But it was only last December 2021 when the government declared that all damaged Bohol church structures had finally been fully restored. The earliest to be restored was Loon Church, in December 2016. The last to be returned to its former glory was Maribojoc Church, just last December 2021. This means it had taken almost a decade to restore the most severely damaged buildings.

But the damage sustained by the churches from the Luzon quake was not as bad, said Escalante. The worst cases involved the toppling of the upper portions of towers, like in the case of Bantay Bell Tower and Tayum Church (Santa Catalina de Alejandria Parish Church).

“It will probably take half the time it took the churches in Central Visayas and Eastern Visayas… Five years will be a very reasonable time table,” said Escalante.

To aid the government team, he asked volunteers, owners of heritage houses, and staff of damaged churches to carefully store the debris that fell from the historic buildings. These parts, like pieces of walls, bricks, or balustrades, could still be used in restoration work. They could either be returned to the original structure, or used as reference points to enable architects or conservationists to faithfully recreate the building’s design.

“The general rule is don’t throw those items from the building and if they can store it, ideally they should mark it where [in the building] it came from… When our teams get there they will be able to say if those elements are needed or not. It will be our team who will determine this,” said Escalante.

He recalled how, in past calamities, people tended to prioritize cleaning up the debris because they saw it as “kalat” or “mess,” without realizing the value they still held.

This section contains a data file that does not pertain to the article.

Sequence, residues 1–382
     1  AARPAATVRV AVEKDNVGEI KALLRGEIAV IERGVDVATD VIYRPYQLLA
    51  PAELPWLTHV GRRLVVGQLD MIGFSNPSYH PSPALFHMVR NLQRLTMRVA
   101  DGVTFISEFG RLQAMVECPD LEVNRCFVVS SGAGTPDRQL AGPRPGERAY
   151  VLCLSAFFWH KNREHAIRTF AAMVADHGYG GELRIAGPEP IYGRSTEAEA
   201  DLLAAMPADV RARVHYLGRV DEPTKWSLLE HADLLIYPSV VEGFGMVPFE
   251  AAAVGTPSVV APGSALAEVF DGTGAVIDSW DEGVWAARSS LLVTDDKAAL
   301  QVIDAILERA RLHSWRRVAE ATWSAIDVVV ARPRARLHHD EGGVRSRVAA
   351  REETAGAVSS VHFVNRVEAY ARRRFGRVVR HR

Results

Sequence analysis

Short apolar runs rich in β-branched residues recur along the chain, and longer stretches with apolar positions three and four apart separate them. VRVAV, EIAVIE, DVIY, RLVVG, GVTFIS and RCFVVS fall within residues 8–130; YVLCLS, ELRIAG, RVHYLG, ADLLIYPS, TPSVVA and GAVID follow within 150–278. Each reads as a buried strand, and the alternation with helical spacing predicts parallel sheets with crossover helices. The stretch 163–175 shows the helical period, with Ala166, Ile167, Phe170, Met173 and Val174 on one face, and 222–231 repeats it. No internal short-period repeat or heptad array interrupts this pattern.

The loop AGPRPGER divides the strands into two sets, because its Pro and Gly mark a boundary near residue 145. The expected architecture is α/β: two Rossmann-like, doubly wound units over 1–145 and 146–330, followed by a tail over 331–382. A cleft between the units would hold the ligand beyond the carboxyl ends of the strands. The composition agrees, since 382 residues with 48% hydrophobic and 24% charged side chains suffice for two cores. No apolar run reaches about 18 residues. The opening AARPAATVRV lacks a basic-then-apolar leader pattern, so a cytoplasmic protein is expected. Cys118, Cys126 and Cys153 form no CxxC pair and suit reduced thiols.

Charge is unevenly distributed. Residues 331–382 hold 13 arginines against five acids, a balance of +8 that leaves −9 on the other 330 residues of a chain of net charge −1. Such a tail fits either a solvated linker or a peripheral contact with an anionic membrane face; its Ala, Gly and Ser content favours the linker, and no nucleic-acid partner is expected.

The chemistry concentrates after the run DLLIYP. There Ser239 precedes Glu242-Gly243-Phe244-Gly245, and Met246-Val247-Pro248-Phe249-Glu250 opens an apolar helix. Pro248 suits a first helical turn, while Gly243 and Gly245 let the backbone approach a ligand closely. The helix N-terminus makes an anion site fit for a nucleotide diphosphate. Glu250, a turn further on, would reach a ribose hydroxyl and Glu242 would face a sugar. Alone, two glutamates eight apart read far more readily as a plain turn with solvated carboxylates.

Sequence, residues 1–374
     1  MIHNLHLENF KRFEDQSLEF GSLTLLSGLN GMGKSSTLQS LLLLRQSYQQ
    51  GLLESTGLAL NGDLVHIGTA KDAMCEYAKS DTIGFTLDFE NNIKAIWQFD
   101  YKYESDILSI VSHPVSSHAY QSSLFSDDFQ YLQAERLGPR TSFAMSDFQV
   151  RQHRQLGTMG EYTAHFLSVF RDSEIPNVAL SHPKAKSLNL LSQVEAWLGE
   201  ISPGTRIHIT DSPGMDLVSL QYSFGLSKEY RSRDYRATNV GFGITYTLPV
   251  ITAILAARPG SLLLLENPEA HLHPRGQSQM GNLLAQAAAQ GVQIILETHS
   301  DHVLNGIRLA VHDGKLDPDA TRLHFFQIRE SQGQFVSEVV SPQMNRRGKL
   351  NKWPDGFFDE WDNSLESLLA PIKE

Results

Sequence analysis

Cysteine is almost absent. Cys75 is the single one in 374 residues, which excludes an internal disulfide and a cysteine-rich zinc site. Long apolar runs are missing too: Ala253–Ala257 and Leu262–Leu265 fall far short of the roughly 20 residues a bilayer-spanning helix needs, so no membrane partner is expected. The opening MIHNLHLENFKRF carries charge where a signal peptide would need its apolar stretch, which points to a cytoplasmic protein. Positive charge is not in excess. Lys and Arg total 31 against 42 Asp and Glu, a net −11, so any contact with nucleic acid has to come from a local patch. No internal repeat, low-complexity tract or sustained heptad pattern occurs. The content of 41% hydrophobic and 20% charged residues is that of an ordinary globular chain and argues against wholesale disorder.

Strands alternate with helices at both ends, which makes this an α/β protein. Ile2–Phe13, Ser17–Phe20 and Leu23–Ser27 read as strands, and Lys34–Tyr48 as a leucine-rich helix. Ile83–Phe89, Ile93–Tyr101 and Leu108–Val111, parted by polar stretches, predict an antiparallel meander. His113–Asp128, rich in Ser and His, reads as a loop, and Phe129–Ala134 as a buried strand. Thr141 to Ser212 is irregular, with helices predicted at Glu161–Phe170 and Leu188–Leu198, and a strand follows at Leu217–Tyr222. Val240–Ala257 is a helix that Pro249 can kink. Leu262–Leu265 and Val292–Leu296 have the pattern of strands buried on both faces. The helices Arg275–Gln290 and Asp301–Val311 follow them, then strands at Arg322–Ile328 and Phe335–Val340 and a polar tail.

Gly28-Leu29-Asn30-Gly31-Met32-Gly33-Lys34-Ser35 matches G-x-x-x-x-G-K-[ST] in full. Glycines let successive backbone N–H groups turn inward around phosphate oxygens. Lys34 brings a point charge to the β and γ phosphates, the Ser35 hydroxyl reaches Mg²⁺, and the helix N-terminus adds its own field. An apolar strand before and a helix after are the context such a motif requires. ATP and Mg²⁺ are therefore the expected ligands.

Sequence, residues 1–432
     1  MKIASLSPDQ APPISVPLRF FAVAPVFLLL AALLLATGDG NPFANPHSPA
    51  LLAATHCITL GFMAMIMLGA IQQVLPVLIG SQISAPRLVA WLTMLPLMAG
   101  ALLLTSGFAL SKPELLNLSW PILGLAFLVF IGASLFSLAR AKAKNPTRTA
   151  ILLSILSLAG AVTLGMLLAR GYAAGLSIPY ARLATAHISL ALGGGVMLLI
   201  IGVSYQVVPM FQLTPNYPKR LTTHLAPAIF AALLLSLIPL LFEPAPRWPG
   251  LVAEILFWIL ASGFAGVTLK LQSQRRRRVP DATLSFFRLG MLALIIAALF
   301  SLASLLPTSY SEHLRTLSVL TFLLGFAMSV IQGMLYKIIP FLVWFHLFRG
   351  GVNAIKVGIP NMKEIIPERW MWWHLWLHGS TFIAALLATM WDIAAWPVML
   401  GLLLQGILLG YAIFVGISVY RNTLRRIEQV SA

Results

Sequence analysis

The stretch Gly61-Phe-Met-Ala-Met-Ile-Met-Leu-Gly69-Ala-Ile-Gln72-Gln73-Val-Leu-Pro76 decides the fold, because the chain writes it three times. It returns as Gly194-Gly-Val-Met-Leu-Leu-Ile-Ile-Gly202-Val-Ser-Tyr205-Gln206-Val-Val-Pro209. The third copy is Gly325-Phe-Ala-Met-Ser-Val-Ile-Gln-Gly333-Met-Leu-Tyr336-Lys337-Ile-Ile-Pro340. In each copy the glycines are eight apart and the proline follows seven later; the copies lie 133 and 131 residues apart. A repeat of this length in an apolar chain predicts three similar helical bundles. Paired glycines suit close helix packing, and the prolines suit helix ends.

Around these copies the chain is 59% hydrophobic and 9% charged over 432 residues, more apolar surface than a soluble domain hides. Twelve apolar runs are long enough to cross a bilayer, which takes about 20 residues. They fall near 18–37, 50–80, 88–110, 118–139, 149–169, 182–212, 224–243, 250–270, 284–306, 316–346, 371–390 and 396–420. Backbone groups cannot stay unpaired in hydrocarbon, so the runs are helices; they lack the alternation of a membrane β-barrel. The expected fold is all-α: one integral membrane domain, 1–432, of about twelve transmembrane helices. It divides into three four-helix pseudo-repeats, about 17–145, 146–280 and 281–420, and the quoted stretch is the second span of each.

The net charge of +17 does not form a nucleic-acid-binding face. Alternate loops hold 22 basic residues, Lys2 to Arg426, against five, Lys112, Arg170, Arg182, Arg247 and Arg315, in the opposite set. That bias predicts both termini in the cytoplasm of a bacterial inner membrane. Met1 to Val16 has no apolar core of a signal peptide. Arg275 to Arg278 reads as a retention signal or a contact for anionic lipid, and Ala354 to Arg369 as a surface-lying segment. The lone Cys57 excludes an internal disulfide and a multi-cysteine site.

Funding: Lessons from 2013 quake

Escalante attributed the success of the 2013 quake heritage restorations to how the administration of the late president Benigno Aquino III set aside a lump sum of P1 billion from calamity funds for reconstructing the damaged buildings.

They would likely ask for a lump sum again this time around, because none of the cultural and heritage agencies have emergency or calamity funds reserved for situations like this.

Previous efforts to give NCCA or NHCP calamity funds for unexpected damage to heritage or cultural sites did not prosper, said the cultural commission chief.

Another tricky issue with restoration funding this time around is what to do about the heritage houses in Vigan City, for instance, which were damaged by the tremor. These houses, though identified as historic treasures, belong to private individuals.

“We need guidance from our lawyers because we know we cannot appropriate public funds for private property,” said Escalante.

In the meeting cultural officials held before the press conference, they had spoken with lawyers from the Office of the Solicitor-General about the possibility of getting a legal opinion exempting privately-owned heritage houses from the rule.

One possible compromise, said Escalante, is that these houses may be expected to allow public access to a portion of their historically-significant home, similar to a museum.

Depending on the amount of funding the cultural agencies get, not all heritage houses may be given restoration assistance. The government would have to choose the houses that are in most need of it, over houses owned by families or entities who can afford the restoration by themselves. – Rappler.com

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Pia Ranada

Pia Ranada is Rappler’s Community Lead, in charge of linking our journalism with communities for impact.